Peyton Harris and Menna Williamson, Straughn High School JAG students, work with Alora Morgan after school Thursday.
Peyton Harris and Menna Williamson, Straughn High School JAG students, work with Alora Morgan after school Thursday.

Straughn gets $600K grant

Published 12:01am Friday, August 30, 2013

A three-year, $600,000 grant means that Straughn schools will soon be able to expand its after-school program.

County Schools Federal Programs Coordinator Donny Powell confirmed Thursday that Straughn Elementary and Straughn Middle schools combined forces and were awarded a 21st Century Learning Grant by the U.S. Department of Education in its most recent grant cycle. Funding is given on a three-year cycle, which means Straughn will receive $200,000 a year to operate the program.

The 21st Century Learning Grant program is designed to advance student achievement through enrichment programs, education activities and tutoring services.

Currently, SES is ending its last year in a three-year grant cycle, meaning the program is available to students through the sixth grade, Powell said. With the new grant, the program, called “STEMulate Your Mind After School,” will be available to students through the eighth grade, he said.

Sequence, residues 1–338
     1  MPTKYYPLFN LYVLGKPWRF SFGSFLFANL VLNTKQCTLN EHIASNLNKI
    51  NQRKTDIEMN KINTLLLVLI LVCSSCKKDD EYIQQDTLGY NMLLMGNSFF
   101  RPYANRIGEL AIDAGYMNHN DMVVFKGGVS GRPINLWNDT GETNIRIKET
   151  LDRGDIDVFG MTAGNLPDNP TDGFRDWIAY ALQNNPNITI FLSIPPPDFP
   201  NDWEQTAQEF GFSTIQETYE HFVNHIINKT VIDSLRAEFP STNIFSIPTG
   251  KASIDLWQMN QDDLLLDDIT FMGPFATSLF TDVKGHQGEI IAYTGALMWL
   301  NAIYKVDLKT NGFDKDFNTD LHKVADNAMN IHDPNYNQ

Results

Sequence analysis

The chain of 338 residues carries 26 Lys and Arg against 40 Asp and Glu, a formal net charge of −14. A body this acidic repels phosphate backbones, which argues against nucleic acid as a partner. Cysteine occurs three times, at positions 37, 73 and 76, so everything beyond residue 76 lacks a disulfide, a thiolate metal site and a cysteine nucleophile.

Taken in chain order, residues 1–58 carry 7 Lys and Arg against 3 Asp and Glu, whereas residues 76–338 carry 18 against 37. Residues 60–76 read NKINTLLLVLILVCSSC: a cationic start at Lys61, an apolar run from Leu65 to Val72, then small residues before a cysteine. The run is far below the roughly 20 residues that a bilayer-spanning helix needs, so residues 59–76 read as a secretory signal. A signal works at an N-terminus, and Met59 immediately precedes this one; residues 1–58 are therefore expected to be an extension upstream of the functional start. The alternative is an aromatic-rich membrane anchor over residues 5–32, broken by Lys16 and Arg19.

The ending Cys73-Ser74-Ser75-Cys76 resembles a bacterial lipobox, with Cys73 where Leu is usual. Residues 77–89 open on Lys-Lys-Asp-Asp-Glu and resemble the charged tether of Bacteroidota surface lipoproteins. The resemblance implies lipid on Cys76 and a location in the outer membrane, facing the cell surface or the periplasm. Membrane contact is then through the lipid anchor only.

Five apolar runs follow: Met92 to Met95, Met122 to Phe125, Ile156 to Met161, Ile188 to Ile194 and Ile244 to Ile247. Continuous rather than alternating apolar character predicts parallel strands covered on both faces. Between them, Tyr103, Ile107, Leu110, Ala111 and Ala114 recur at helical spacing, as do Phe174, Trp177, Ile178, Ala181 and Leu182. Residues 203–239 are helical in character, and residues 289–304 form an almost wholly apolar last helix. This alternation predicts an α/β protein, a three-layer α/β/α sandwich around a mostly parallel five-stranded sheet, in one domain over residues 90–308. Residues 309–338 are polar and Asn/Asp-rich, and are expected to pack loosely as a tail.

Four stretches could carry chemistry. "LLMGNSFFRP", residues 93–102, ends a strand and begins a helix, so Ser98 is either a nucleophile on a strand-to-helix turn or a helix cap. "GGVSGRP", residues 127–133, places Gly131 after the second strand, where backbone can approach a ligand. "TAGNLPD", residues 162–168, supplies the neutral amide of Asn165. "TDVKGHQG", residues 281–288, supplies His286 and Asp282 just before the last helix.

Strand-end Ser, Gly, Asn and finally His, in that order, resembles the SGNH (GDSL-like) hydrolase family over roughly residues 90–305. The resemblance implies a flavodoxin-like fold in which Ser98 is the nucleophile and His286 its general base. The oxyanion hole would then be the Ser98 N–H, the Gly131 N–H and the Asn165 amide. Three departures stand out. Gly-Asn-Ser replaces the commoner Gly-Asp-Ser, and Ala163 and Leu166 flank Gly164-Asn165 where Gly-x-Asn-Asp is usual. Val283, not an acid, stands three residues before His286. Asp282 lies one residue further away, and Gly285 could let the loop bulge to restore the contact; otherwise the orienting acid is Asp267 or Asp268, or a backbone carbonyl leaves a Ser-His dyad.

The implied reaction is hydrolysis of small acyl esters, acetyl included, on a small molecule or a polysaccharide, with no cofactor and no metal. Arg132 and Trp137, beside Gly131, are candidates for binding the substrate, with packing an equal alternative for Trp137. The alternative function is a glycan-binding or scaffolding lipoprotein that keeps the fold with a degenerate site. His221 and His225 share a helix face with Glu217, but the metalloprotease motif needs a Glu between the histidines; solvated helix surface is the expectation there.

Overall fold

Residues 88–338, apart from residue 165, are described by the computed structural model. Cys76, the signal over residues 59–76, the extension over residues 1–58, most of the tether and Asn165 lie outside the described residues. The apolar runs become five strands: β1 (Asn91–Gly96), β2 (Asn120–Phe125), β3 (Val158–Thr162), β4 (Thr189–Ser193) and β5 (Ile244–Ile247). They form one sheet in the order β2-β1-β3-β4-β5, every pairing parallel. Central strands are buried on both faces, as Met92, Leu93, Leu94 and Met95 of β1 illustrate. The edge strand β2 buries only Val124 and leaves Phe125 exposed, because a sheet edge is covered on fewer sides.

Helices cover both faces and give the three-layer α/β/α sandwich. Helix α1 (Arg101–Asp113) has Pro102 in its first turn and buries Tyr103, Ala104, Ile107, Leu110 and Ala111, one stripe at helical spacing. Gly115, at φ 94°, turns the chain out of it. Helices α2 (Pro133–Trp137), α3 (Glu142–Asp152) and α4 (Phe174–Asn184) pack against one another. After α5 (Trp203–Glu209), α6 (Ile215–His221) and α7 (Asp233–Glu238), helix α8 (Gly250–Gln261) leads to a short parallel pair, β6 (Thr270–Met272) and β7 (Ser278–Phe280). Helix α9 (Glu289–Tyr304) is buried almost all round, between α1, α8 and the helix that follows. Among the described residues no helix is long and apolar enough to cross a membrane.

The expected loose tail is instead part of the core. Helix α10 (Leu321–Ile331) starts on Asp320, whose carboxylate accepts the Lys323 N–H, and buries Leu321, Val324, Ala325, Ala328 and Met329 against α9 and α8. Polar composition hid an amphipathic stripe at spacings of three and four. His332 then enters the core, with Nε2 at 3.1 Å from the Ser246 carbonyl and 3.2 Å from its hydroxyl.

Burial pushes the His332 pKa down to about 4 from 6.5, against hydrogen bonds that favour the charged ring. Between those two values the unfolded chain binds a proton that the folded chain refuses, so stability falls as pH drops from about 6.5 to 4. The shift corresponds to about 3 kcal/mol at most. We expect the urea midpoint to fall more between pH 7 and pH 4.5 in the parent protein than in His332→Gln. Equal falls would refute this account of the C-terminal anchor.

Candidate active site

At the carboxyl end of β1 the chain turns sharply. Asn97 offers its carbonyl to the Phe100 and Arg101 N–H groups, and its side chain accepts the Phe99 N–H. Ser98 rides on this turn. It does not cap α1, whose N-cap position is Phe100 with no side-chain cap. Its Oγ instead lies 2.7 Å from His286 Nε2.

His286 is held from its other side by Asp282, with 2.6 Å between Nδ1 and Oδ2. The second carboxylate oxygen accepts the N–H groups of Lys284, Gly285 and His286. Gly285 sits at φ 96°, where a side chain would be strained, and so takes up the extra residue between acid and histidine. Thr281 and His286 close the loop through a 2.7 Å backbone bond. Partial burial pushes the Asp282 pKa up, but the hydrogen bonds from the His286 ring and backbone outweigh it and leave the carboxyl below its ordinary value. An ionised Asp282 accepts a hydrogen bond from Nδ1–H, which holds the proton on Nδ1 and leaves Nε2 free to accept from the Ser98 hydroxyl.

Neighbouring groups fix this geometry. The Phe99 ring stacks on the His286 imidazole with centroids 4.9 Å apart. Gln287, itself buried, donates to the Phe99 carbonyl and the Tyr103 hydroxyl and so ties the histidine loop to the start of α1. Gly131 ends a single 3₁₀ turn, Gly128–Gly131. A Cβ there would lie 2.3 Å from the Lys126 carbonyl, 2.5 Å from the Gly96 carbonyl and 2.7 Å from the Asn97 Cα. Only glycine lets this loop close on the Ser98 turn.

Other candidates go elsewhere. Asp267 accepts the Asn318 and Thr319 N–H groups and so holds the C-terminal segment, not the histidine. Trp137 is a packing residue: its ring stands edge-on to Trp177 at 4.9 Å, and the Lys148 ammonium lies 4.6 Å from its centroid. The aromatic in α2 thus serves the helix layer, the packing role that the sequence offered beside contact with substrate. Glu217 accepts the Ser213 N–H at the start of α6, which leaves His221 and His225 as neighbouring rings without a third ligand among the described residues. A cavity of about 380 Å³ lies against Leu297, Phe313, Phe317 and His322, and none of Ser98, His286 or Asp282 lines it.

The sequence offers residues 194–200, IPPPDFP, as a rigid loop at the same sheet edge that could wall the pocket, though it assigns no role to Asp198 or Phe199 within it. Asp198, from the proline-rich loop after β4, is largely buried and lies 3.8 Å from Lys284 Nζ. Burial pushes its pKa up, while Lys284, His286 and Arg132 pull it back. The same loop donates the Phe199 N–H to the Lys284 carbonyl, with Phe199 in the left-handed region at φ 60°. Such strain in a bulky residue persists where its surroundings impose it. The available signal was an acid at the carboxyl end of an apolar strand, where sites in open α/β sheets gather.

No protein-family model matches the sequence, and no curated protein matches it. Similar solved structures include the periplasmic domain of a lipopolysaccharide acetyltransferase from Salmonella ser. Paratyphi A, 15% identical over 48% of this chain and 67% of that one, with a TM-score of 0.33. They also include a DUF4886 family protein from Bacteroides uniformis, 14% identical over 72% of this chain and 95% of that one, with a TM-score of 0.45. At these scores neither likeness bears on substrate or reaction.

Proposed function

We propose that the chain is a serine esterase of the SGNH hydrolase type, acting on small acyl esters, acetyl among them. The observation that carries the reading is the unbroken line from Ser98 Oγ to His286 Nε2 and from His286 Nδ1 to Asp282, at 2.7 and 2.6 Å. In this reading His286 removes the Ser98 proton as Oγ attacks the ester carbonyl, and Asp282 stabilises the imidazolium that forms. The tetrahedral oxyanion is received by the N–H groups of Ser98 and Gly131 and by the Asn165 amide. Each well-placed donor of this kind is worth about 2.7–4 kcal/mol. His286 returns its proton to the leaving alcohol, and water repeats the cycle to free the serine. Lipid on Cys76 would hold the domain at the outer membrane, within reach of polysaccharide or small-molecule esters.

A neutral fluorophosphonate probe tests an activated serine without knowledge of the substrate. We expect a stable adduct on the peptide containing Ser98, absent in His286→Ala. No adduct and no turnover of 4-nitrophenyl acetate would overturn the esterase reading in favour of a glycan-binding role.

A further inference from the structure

“We couldn’t be more thrilled to have gotten the news,” said Principal Bette Ann Older.

Powell said the new grant will become effective in October.

“This program is used for helping students who may be struggling in class work to try to help students pull the grades up,” he said. “Another use is that parents use it for their after-school program when they work late, since staff is there until 5:30 p.m.”

Students are also exposed to several enrichment programs such as art, sports and music – and, a snack is provided.

The school also hosts a summer program, which is generally two weeks, under the program, Powell said.

With this award, there are four schools operating with a 21st Century Learning Grant, including Red Level Elementary, Fleeta Jr. High and W.S. Harlan Elementary School.

“All of those are in their third year, so they will have to write new grants if they want to continue those programs,” Powell said.

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